Monday, February 21, 2011

“Social Imaginaries”: Broader, Deeper, Wider, Stronger

Lander Hultin, Starter Presentation from 17. February, 2011

“In talking of our self-understanding, I am particularly concerned with what I will call our “social imaginary”, that is, the way we collectively imagine, even pre-theoretically, our social life . . .” (146)

Methodological Relevance: The “more than” principle

· the social imaginary is a non-reductive counter to the temptation of subtraction stories

· if the social imaginary is more than can be theoretically articulated (173) then subtraction stories as explicit theories telling a straight-shot story cannot be sustained and are glaringly insufficient

173: “It is in fact that largely unstructured and inarticulate understanding of our whole situation . . . It can never be adequately expressed in the form of explicit doctrines, because of its very unlimited and indefinite nature.”

Difference between “social imaginary” and “social theory”: Power to the (ordinary) people!

(1) Ordinarily expressed: ‘Imaginary’ because ordinary people do not usually imagine their social surroundings in theoretical terms; rather this imaginary is carried, loaded into and unloaded out of, images, stories, legends, and so on.

(2) Sufficiently social: ‘Theory’ is insufficiently social – typically theory is held by a small minority rather than the ‘imaginary’ that is shared by large groups of people

(3) A Better Possibility: Consequently, an ‘imaginary’ better accounts for common practice and the correlate sense of shared legitimacy—‘social imaginary’ is a more adequate condition of possibility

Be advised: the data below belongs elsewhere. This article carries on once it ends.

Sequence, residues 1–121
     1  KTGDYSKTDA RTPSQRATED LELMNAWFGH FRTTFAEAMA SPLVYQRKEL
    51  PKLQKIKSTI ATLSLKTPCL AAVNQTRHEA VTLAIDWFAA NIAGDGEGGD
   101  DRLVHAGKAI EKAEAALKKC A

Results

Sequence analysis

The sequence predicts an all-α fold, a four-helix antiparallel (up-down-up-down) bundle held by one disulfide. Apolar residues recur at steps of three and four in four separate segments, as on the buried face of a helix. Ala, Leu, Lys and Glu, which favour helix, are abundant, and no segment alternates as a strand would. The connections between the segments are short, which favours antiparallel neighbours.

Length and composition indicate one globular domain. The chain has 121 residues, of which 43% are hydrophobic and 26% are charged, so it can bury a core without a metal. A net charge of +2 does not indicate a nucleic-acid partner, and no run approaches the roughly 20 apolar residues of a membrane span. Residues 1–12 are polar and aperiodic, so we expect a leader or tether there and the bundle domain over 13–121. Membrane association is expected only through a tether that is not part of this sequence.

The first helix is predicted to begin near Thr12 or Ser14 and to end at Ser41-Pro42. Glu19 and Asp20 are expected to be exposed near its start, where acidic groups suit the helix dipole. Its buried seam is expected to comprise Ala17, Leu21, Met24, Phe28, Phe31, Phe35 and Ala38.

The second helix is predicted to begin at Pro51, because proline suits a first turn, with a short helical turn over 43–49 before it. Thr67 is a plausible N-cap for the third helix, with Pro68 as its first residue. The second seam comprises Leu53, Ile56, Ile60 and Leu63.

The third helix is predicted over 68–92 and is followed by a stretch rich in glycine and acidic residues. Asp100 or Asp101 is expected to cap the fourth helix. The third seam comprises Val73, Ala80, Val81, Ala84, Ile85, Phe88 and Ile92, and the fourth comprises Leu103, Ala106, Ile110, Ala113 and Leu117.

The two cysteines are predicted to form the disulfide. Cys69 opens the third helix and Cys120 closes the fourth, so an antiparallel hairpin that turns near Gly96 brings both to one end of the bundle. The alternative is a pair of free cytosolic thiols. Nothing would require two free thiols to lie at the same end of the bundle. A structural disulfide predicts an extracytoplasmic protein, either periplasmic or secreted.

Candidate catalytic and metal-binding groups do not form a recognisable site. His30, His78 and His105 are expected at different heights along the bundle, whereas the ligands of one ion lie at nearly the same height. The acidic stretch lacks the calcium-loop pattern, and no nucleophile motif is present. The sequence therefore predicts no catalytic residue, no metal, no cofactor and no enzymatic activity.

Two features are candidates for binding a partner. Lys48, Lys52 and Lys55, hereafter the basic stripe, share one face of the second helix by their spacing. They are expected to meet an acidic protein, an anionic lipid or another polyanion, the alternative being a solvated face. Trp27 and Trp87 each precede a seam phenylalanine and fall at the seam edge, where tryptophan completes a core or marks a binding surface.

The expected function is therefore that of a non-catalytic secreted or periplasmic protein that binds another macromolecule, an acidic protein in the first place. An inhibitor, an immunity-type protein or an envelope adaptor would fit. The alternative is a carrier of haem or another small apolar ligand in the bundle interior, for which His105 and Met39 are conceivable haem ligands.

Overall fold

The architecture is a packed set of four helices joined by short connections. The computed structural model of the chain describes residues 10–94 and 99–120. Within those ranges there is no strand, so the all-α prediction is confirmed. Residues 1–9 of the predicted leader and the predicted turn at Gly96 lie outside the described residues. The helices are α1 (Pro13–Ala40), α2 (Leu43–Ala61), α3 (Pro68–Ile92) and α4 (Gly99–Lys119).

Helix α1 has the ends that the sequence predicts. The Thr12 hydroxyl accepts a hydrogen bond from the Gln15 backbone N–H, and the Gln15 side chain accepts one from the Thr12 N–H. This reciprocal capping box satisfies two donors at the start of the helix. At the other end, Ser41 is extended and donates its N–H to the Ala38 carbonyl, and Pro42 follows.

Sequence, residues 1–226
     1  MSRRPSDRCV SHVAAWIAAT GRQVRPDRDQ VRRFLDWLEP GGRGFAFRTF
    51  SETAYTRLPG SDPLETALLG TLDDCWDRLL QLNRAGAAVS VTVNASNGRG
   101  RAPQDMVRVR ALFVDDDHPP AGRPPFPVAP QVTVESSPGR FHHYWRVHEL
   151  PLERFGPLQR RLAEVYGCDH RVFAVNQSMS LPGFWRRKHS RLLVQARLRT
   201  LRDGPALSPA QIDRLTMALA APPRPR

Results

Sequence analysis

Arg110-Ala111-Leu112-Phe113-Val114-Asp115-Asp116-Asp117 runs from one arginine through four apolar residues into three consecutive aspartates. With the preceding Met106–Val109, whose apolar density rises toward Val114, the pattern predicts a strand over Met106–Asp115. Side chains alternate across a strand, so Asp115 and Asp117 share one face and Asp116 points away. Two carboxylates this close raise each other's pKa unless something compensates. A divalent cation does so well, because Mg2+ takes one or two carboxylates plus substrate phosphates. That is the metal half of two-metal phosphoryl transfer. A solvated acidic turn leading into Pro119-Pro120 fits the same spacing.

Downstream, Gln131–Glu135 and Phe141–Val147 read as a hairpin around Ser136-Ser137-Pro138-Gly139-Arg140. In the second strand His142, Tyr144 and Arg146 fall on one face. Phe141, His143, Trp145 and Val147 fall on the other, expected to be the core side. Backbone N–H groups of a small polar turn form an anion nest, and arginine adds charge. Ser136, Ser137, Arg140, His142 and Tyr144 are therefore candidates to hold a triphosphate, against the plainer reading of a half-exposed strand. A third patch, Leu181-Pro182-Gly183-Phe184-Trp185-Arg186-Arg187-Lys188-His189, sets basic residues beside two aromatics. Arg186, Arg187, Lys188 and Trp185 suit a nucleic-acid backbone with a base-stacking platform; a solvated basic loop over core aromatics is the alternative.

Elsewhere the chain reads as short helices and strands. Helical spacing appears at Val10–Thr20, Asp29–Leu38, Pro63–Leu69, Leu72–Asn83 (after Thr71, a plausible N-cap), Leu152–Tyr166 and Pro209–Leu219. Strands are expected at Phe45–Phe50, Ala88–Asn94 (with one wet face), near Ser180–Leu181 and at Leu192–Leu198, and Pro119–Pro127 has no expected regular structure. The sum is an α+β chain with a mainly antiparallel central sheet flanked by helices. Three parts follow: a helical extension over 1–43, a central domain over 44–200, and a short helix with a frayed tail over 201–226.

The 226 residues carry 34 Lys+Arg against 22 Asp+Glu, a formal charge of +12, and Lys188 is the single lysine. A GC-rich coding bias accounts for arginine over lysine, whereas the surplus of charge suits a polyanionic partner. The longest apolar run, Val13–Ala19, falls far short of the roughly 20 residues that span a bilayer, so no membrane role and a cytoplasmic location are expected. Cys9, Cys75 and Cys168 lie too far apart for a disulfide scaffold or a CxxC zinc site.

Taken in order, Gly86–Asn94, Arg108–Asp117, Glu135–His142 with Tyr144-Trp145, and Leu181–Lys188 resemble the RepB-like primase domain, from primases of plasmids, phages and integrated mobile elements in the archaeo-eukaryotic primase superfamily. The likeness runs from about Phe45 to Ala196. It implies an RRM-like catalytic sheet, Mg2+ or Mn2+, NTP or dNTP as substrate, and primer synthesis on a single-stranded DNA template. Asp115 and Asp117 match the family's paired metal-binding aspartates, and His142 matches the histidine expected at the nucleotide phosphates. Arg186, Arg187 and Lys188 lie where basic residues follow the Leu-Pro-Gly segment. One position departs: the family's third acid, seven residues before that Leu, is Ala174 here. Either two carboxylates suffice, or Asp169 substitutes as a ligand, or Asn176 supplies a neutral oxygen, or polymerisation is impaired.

Complexity: both factual and “normative”

· Factual: a sense of how things usually go

· Normative: but also an idea of how things ought to go

Our normative understanding also shows us “what would constitute a foul”

More than Heidegger: Not just one-sided

172: “the social imaginary extends beyond the immediate background understanding which makes sense of our particular practices”

· In short this is because our practices also inform our background understandings, not just the other way around

o In other words, the understanding carries the practice and the practice carries the understanding. Both serve as possibility conditions for each other. In fact in having “no clear limits” the “wider grasp” of a social imaginary, it seems, complicates the very idea of the conditions of possibility. It is, as Taylor often repeats, much more than that.

173: “If the understanding makes the practice possible, it is also true that it is the practice which largely carries the understanding.”




Understood Practice, Practiced understanding

The “repertory” inherent: our implicit “map” of social space:

This “repertory” is the collection of common actions that we, as a social group, know how to perform. Again, this “know how” is pre-theoretical and in some sense, it seems, Taylor again pushes past Heidegger’s practical “know how” to show that this environmental familiarity cannot be explicated.

Webbed in Imagination: The Wider World

174: The social imaginary doesn’t include everything in our world—it isn’t total. But at the same time the features which make things make sense cannot be encompassed or “circumscribed” and consequently the social imaginary draws on our whole world.

In other words, we may not include every social aspect of every society, but there is a sense in which each society is webbed together such that the social imaginary of one society will tug at or pull on every other.

Meta-philosophical Question: How Do We Now Do Philosophy?

Is Taylor’s A Secular Age a work of philosophy? Does his (sometimes frustrating) story-telling better uncover the structures of human life? Is the point of philosophy to “uncover” in the first place? Is there a philosophy of the unsayable? If so, what’s the point of still saying something?

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